Control Seminar

Semi-autonomous Active Safety Systems

J. Karl HedrickProfessorUniversity of California Berkeley, Department of Mechanical Engineering

Over the past few decades, intelligent vehicle systems have become
increasingly important in their contribution to vehicle safety. A
semi-autonomous system that explicitly models the driver's behavior is
able to make accurate assumptions on the predicted safety of the
driver. Rather than disconnecting the driver from the vehicle, our
approach incorporates the driver using a model predictive control
method to predict the future trajectories of the closed-loop
driver-vehicle system. We can then add the minimal corrective action
necessary to keep the driver from violating safety constraints. The
successful implementation of this controller, however, is predicated
on a reliable approximation of the environment and the vehicle's
inertial properties. A system that can account for these variations
can execute more accurate control. In addition, it is useful to model
the interaction between the tires and the road to correctly predict
the vehicle's trajectory. Although most contemporary vehicle systems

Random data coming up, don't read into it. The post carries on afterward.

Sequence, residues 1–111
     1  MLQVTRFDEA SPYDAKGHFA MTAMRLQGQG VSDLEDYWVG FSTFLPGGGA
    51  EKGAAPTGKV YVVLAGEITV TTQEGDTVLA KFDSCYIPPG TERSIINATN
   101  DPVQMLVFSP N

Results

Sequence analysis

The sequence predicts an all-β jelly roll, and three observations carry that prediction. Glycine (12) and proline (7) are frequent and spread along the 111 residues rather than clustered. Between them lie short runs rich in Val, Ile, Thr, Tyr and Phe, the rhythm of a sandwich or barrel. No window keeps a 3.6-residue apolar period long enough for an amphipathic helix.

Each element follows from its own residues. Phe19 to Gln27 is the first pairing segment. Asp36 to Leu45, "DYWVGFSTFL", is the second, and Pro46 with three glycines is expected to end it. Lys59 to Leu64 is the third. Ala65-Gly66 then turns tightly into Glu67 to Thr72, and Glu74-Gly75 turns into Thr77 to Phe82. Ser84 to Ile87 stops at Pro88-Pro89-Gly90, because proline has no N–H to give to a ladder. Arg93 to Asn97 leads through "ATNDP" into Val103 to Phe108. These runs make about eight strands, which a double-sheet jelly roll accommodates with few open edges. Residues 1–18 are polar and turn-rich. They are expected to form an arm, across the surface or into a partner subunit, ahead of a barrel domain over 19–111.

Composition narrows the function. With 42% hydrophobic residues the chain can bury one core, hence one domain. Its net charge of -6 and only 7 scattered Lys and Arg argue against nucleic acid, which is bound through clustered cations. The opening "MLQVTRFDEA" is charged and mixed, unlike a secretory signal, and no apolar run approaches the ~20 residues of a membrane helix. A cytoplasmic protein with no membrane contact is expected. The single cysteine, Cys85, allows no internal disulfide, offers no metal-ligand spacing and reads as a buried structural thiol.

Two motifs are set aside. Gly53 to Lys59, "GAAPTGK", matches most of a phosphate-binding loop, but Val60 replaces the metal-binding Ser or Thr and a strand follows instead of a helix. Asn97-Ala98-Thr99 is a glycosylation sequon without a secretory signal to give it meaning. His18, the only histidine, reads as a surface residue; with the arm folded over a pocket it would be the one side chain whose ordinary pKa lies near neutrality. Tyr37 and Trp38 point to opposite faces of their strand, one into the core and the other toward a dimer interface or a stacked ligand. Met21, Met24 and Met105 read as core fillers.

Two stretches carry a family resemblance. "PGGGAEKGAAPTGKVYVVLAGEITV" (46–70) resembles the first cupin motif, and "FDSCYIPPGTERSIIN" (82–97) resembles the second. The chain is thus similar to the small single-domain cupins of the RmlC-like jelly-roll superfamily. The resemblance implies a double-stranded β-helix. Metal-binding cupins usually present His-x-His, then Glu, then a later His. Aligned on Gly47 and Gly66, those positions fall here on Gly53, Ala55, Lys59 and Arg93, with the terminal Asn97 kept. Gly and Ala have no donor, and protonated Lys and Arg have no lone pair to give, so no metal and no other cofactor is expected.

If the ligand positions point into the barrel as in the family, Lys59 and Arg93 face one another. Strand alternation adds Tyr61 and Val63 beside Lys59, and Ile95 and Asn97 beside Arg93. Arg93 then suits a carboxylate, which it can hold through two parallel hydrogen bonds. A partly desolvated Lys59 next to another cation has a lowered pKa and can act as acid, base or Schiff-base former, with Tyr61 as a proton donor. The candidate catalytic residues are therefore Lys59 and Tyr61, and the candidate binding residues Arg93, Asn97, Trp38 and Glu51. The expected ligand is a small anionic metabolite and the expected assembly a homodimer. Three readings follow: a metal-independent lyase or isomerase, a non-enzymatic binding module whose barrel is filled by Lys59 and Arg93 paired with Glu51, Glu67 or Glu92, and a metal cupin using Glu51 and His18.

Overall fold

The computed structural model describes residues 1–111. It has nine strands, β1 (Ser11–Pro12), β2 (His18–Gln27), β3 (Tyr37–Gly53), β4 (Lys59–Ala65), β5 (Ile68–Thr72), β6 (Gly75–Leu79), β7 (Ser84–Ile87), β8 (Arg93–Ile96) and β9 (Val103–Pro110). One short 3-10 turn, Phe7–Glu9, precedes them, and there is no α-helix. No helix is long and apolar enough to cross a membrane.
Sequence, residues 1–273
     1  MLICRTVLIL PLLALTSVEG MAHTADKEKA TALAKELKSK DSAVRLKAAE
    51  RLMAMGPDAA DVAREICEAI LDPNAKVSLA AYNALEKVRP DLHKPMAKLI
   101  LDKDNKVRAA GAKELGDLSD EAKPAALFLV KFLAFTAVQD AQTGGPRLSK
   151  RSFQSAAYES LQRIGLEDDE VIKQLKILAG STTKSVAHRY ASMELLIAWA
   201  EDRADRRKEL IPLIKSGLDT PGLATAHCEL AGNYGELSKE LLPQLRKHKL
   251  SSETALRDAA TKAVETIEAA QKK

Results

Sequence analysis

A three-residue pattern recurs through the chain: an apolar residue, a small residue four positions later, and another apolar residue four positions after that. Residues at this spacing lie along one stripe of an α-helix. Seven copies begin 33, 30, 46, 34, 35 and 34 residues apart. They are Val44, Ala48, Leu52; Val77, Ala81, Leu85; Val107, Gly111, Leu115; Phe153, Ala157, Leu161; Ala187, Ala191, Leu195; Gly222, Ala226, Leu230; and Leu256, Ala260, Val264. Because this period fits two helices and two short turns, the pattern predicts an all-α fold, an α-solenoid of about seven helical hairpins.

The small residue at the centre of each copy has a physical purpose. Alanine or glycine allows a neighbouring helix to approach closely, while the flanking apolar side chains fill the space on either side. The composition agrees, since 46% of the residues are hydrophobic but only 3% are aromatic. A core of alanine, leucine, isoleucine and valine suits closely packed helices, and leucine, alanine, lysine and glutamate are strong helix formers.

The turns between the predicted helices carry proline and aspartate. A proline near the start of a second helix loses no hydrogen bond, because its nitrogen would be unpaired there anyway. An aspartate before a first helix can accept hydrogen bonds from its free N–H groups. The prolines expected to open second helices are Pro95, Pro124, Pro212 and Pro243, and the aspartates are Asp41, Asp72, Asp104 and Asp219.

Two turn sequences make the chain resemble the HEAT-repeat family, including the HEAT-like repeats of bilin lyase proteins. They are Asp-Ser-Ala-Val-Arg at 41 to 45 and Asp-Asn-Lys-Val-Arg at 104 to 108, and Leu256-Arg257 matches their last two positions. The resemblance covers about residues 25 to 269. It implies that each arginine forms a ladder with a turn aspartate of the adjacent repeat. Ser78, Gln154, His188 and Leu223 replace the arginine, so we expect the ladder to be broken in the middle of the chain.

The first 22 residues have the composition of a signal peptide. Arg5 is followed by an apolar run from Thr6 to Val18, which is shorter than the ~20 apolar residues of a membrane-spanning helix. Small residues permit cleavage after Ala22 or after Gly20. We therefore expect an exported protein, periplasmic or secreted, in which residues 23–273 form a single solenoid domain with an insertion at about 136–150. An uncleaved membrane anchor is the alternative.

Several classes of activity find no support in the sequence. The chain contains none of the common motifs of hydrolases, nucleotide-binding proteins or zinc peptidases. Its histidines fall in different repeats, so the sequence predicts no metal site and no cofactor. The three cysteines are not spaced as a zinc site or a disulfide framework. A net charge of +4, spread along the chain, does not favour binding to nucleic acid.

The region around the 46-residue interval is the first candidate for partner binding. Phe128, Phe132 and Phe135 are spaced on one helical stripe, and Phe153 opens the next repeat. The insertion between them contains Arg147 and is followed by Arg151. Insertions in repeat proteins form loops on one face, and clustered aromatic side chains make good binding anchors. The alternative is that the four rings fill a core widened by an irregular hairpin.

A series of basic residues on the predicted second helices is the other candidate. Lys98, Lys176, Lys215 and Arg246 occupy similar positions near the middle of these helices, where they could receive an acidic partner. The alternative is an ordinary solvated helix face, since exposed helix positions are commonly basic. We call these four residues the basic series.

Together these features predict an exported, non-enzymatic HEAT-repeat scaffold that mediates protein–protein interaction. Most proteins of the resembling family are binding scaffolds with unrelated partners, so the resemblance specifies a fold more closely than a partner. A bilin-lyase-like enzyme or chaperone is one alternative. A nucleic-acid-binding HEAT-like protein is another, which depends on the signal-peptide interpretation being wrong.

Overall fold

compute the control inputs based on a fixed tire-road friction
coefficient, real-time estimation is vital for improvement of the
performance of vehicle control systems. Use of in-tire accelerometers
allows us to classify the road surface conditions with direct
measurement from the tire. This integrated approach, combining
accurate inertial parameter estimates, real-time estimation of
tire-road adhesion, and a control system that explicitly models driver
behavior, allows the development of a new echelon of driver assistance
J. Karl Hedrick is the James Marshall Wells Professor of Mechanical Engineering at the University of California (UC) at Berkeley. He received his BS degree (1966) from the University of Michigan, and his MS (1970) and PhD (1971) degrees from Stanford University. His research focuses on the application of advanced control theory to a wide variety of vehicle dynamic systems including automotive, aircraft and ocean vehicles. He is currently the Director of Berkeley's Vehicle Dynamics Laboratory and has served as the Director of the UC PATH Research Center (1997-2003). He has received numerous awards, including 2006 ASME Rufus Oldenburger Medal, ASME JDSMC Best Paper Award (1983&2001), IEEE TCST Outstanding Paper Award (1998), the AACC O. Hugo Schuck Best Paper Award (2003) and gave the Nyquist Lecture at the ASME 2009 DSCC.

Sponsored by

Bosch, Eaton, Ford, GM, Toyota, Whirlpool and the MathWorks